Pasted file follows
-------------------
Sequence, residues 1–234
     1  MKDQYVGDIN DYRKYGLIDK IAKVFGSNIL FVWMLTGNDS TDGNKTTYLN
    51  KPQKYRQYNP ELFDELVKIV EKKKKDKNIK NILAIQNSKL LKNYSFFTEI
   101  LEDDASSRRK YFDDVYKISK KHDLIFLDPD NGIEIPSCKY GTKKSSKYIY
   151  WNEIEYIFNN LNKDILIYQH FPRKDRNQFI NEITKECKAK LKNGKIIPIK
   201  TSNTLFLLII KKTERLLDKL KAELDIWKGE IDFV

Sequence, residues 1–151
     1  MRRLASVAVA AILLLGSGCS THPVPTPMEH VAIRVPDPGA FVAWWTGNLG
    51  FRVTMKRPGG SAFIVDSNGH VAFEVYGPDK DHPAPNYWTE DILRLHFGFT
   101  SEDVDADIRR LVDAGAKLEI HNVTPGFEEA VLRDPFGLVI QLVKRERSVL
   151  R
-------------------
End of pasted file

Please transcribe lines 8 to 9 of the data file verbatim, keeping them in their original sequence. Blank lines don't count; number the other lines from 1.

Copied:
     1  MRRLASVAVA AILLLGSGCS THPVPTPMEH VAIRVPDPGA FVAWWTGNLG
    51  FRVTMKRPGG SAFIVDSNGH VAFEVYGPDK DHPAPNYWTE DILRLHFGFT